NEW YORK (GenomeWeb) – To help advance Vice President Joe Biden's Cancer Moonshot initiative, the White House today unveiled several new initiatives aimed at, among other things, providing researchers with access to liquid biopsy datasets, developing approaches for precision oncology, and innovating new diagnostics for the clinic.
Through one initiative, called the Blood Profiling Atlas, pharmaceutical and diagnostic companies, universities, and research centers will help aggregate and make available raw datasets from circulating tumor cell (CTC), circulating tumor DNA (ctDNA), and exosome assays, along with related clinical data and sample preparation and handling protocols from 13 different clinical studies.
Study data and technical expertise will be contributed by various companies including Eli Lilly, which will share its methods for sample preparation, next-generation qPCR, next-generation sequencing for exosome profiling, as well as data related to disease characterization through gene expression analysis; Personal Genome Diagnostics, which has agreed to provide data and protocols for ctDNA profiling generated using its PlasmaSelect platform; and Guardant Health, which will contribute pre-analytical and genomic data generated from 500 lung cancer patient samples analyzed with its Guardant360 liquid biopsy test.
Also contributing to the initiative is Thermo Fisher Scientific, which has agreed to provide ctDNA data generated in studies using its liquid biopsy assays and NGS platforms; Novartis, which will provide protocols and data from experiments evaluating different PCR- and NGS-based methods for ctDNA analysis; and Foundation Medicine, which will share data it has generated from analytic validation studies of the FoundationACT ctDNA assay.
In a second collaboration, the National Cancer Institute will coordinate with Amazon Web Services and Microsoft to build a sustainable model for maintaining cancer genomic data in the cloud for use by cancer researchers through NCI's Genomic Data Commons and Cancer Genomics Cloud pilot programs. These cloud collaborations will provide cancer researchers with secure access to high-quality cancer genomic and associated data.
In another project, the Department of Defense is launching a longitudinal study with the aim of gaining new understanding of the biological underpinnings of cancer, and developing new approaches for precision oncology. DoD researchers will use data housed within the department's cancer registry and serum repository to identify new linkages between pre-diagnostic biological markers and various types of cancer. DoD will also work with the Environmental Protection Agency to link results from the study with the Environmental Quality Index to further evaluate the environmental factors contributing to cancer development.
CosmosID said today that it will also participate in the Moonshot by providing researchers with access to its automated bioinformatics platform, MetaGenID. The platform will be used to support five cancer microbiome research studies to understand how different microbiomes contribute to the development of specific cancers. Data and results from all five studies will be made freely available to the research community, the company added.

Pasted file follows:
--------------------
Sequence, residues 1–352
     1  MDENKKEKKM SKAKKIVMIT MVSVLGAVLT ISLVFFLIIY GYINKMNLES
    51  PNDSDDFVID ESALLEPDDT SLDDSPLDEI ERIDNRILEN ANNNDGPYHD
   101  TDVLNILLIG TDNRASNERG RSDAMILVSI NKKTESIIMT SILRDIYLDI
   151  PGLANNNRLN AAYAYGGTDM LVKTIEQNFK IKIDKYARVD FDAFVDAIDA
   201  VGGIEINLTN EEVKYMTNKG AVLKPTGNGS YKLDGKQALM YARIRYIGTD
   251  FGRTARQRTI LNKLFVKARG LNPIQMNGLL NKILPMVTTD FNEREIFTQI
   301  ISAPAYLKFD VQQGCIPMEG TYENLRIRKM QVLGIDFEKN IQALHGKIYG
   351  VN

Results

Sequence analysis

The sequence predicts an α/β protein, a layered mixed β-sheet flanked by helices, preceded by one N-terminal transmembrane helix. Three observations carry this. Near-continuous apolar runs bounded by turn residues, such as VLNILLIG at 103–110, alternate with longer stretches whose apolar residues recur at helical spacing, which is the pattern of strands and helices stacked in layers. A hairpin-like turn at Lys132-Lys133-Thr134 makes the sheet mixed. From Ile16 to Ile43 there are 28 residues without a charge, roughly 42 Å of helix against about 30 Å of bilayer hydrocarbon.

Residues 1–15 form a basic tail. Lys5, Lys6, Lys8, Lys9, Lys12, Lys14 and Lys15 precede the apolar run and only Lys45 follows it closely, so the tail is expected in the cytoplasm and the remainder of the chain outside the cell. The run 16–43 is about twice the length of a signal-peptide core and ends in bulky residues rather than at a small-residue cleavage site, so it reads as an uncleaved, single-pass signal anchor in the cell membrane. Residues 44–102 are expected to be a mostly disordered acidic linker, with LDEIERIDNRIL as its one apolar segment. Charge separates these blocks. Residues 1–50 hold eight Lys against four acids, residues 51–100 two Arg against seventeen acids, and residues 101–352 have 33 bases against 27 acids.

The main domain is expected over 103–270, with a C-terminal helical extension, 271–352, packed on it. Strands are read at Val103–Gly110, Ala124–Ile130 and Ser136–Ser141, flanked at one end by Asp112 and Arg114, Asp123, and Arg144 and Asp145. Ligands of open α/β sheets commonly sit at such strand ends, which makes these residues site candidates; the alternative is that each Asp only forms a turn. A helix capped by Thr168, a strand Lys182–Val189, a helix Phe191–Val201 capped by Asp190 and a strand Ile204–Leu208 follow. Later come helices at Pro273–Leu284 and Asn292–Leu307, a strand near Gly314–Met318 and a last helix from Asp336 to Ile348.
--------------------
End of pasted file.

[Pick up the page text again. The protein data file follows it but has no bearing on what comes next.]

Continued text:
Atlanta's Global Center for Medical Innovation and T3 Labs announced they will collaborate with the NCI to develop innovative diagnostic devices. GCMI and T3 will create a development pathway that will highlight promising diagnostics and put them in a position to gain investments and move to the clinic. Over the next five years, the partners hope this collaboration will demonstrate how to double the speed of moving novel cancer diagnostics from bench to bedside.
Meanwhile, Memorial Sloan Kettering said it has launched the Integrated Mutation Profiling of Actionable Cancer Targets to Eliminate Disparities program (IMPACTED). This program will expand the research use of MSK IMPACT genomic sequencing for cancer patients receiving care at NYC Health + Hospitals centers in Brooklyn and Queens. MSKCC hopes that sequencing tumors of patients who have traditionally been underrepresented in genomic profiling studies will lead to the identification of differentially expressed molecular drivers that could explain some of the cancer disparities experienced by minority and underserved populations.
The Children's Brain Tumor Tissue Consortium, the Pacific Pediatric Neuro-Oncology Consortium, and Seven Bridges also announced a Moonshot-related project: the release of Cavatica
, a data analysis platform designed to facilitate the rapid integration of data from multiple diseases affecting children, including cancer and other rare diseases like congenital disorders, epilepsy, and autism. Cavatica will immediately make more than 24 datasets available to researchers, and these datasets will be interoperable with the Genomic Data Commons and other NIH data repositories.
The nonprofit Open Commons Consortium is also joining in by building a pilot biomedical data commons called the Contribute & Change (C2) Cancer Commons. it is aslo developing a pilot platform called the Cancer Commons Hub, where multiple systems can connect to share cancer data. The consortium believes the C2 Cancer Commons and the Cancer Commons Hub will more than double the molecular, medical imaging data, and clinical annotation data currently available to researchers. The C2 Cancer Commons is based on the same open-source software that powers the NCI Genomic Data Commons, but will extend this capacity by hosting complementary datasets submitted by C2 members, the consortium added. So far, Children's Hospital of Philadelphia, Icahn School of Medicine at Mount Sinai, Indiana Clinical and Translational Sciences Institute, Johns Hopkins University, NorthShore University HealthSystem, Northwell Health, and University of Chicago are participating.